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Carbohydrate Back-Loading and the Importance of Evidence-Based Nutrition Recommendations

Submitted by Amy Sercel MS RD CD

Edited by Marcia Bristow MS RDN CSSD CD

In the world of nutrition news, the topic of carbohydrates is one of the most confusing and controversial you’ll find right now.  Depending on the source, the recommendations range from entirely avoiding all carbohydrates to limiting yourself to certain types but not others.  If you’re following the trends, you might have heard about carbohydrate back-loading for losing weight and preserving muscle mass.  In regards to this blog, I am reminded of a quote I once read, “Be careful what you read, you might die of a misprint someday!”  Regardless, here is the information on Carb Back-Loading.

Carbohydrate back-loading is detailed in a book by John Kiefer, a “training and nutrition consultant” whose qualifications include having “read over 40,000 medical research papers covering various facets of human biology.”1 In short, Kiefer advises to avoid eating any carbohydrates until immediately after an evening workout that focuses on resistance exercise.  After the workout, you should eat large quantities of carbohydrates, especially “junk” carbohydrates because they have a higher glycemic index and will be more readily absorbed into your muscles.1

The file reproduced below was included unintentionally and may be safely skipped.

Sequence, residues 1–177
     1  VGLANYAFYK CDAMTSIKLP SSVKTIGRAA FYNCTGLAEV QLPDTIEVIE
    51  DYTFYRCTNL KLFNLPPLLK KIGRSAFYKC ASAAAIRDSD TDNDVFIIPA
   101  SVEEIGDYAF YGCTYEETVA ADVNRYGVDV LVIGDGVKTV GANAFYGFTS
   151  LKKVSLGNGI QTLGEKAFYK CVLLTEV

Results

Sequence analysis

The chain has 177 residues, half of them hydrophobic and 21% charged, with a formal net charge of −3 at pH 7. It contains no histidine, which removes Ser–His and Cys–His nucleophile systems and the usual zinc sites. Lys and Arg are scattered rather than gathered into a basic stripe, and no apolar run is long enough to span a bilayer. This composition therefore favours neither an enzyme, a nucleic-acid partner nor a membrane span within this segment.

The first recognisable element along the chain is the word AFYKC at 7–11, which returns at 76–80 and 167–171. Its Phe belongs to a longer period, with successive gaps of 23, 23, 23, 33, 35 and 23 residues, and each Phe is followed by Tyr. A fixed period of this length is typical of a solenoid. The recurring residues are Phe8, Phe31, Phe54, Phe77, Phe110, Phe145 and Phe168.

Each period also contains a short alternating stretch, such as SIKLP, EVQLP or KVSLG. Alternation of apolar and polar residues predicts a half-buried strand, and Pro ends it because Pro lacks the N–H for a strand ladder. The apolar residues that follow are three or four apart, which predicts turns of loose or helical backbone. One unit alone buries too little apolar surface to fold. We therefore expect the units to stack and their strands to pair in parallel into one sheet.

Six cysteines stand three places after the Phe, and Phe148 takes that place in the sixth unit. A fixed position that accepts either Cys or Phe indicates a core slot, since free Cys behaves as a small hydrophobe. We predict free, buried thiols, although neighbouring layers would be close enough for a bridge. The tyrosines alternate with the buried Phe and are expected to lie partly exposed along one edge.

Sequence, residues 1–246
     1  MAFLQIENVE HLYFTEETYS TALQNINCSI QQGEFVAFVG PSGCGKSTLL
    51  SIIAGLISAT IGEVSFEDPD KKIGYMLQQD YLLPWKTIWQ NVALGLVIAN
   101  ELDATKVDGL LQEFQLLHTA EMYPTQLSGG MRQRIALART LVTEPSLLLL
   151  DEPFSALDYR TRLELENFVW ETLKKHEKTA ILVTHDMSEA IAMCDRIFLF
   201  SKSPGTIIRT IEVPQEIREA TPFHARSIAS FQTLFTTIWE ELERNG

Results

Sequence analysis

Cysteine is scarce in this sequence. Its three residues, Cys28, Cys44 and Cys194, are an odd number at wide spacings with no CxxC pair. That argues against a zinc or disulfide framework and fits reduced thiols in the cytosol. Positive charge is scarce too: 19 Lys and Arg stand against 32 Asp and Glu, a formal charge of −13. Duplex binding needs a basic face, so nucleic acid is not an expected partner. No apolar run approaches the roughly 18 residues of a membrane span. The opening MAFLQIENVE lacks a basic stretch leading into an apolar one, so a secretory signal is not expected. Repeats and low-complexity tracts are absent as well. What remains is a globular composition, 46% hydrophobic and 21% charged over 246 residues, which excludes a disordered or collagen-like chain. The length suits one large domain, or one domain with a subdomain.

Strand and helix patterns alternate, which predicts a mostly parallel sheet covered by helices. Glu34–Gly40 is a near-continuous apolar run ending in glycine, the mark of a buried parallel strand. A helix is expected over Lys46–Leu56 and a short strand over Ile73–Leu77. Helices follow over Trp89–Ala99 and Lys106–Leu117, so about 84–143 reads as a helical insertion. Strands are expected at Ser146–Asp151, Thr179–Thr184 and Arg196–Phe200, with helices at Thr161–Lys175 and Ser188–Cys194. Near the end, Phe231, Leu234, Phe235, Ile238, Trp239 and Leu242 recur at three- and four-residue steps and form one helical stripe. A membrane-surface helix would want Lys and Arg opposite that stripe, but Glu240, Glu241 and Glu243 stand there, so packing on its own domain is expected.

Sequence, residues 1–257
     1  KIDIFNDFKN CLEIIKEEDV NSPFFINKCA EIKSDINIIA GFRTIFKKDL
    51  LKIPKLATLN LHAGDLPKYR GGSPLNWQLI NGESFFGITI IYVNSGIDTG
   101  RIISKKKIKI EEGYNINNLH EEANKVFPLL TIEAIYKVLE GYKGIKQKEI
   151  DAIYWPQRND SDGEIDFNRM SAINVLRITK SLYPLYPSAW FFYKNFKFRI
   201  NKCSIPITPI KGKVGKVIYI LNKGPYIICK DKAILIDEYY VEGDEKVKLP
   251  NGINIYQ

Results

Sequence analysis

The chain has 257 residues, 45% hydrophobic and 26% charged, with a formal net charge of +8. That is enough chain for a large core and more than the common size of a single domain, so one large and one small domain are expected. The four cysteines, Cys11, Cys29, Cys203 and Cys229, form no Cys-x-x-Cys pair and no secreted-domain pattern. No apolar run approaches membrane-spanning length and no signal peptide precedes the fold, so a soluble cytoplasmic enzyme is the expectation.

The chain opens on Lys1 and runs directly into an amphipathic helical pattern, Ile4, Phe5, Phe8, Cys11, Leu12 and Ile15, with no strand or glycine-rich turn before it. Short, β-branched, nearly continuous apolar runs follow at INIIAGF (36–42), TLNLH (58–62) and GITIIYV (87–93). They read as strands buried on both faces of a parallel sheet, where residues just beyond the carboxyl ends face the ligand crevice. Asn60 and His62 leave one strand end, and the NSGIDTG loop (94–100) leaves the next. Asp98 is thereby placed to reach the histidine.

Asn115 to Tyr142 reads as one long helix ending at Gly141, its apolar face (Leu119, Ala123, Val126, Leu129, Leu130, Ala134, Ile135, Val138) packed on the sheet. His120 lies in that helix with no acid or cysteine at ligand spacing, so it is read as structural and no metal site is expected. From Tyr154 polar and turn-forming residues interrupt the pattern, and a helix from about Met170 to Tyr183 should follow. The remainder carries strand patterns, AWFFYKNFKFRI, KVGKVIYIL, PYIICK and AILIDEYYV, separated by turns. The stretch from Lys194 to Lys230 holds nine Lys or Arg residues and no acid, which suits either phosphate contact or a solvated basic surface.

Foods like white bread, potatoes, candy, and sugar-sweetened drinks are said to have a high glycemic index because they raise your blood sugar quickly after you eat them.  Foods with a low glycemic index contain a mix of carbohydrates, protein, fat, and fiber, and will cause your blood sugar to rise slowly and stay more even over time.  Kiefer actually says to avoid carbohydrates with a low glycemic index after a workout.  He says they will create a prolonged increase in blood sugar levels, which will prevent your body from releasing growth hormone while you sleep and therefore limit the amount of lean tissue building that would occur overnight.  On the other hand, he argues, the blood sugar crash that occurs after eating high glycemic index foods will ensure that your overnight growth hormone release will be normal.1 The problem with this theory is that blood sugar levels still remain high several hours after finishing a high glycemic index meal, and blood sugar may even return to normal more quickly after eating a meal that contains more fiber and protein, and thus has a lower glycemic index.2